He had one other interesting trait. I could never get him on his back. We would bring him in the house in the evening and my children and I would lie on the floor watching TV. We would pet King and he would get relaxed and sleepy. I would then try to turn him on his back; it was impossible. He then thought we wanted to play, which he really enjoyed.
He never growled or snapped at a person in his 13 years. His only drawback, he hated dogs. Because of this, I kept him harnessed on a 12 foot log chain that gave him a 24 foot circle he could go in. His dog house was on one end. We had a cat, Tiger, a big tom. King was very tolerant of Tiger and even withstood a swat at his nose that bled without retaliating.
How King knew Tiger was our family cat, I really don’t know. One day we heard a neighbor screaming, “Your dog has my cat.” I went running out and saw King standing in front of his dog house. The women hollered he is in the dog house. I reached in and there was the cat unharmed, King apparently put him in the dog house.
This has got way too long, as I have several other amusing stories of King, but I would like to say we had several other dogs in the family and King was the best animal we ever had.
Actually I wrote this for Shanti and his friend, Kathy Muller. I would appreciate it if you would give her this letter as I do not know how to contact her.
Signs would help
Just a quick note to let you know that it took 2 trips to Vail, Colorado, from Canada, and three bus drivers before I finally found the bookstore Verbatim again.
Why are the businesses that are located behind other businesses not given proper sign variances so that we can find these shops easily?
Verbatim Booksellers hit the nail on the head when it came up with the slogan “Hard to Find, Easy to Enjoy!”
One can only wonder if there are other businesses that would like to use the same slogan, as well.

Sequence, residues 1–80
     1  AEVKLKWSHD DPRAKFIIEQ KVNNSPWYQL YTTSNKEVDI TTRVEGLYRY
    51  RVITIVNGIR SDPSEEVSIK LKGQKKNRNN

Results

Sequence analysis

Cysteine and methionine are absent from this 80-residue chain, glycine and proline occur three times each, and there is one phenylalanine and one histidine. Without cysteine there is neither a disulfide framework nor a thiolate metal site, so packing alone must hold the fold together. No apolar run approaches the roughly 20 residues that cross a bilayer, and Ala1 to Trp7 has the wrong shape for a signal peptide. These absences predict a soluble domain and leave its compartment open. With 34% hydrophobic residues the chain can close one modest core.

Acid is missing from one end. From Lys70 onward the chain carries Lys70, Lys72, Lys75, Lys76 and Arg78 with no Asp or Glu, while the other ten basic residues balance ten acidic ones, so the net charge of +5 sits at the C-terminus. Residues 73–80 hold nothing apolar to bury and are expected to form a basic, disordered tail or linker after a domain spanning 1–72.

The letters to the editor of late are disturbing to me. Do the Democrats or Republicans really think that long-winded tirades are going to sway the opposing parties? I think not.
Most disturbing are the amount of whiners being published. I’m not trying to surpress free speech. I would just like to see more letters from people who enjoy our valley.
I know they are out there. I meet them every day. I guess they just don’t write letters. There have been some, but nowhere near the amount from the whiner crowd.
I spoke to a visitor over Presidents Weekend who told me the skiing in Vail was so great that the wait in lift lines was worth it. A few days later I read the letter from the whiner about the passes and horrible lift lines. Wah, wah, I want my own mountain. Wah, wah. See what I mean?
Since buying a place here in 1980, I have seen many changes. I do not agree with all of them. However, for me the Vail Valley was, is and always will be a place way ahead of whatever is in second place! Come on people, write letters about things you like!
Such a deal
With the Bair Ranch conservation easement getting to an important stage, I have a question to ask those proponents.
If I were riding my mountain bike through Glenwood Canyon and turned south through the Bair Ranch and proceeded to Cottonwood Road, would that be doable?
If the answer is no, why would a taxpayer want all that money spent on something he or she cannot enjoy? I’ll bet the Bair brothers just love this deal.